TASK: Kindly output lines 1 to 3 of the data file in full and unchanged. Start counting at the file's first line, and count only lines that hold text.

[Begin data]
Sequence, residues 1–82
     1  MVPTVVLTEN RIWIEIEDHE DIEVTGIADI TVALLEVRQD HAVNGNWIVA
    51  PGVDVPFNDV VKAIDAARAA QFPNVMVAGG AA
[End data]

Sequence, residues 1–82
     1  MVPTVVLTEN RIWIEIEDHE DIEVTGIADI TVALLEVRQD HAVNGNWIVA
    51  PGVDVPFNDV VKAIDAARAA QFPNVMVAGG AA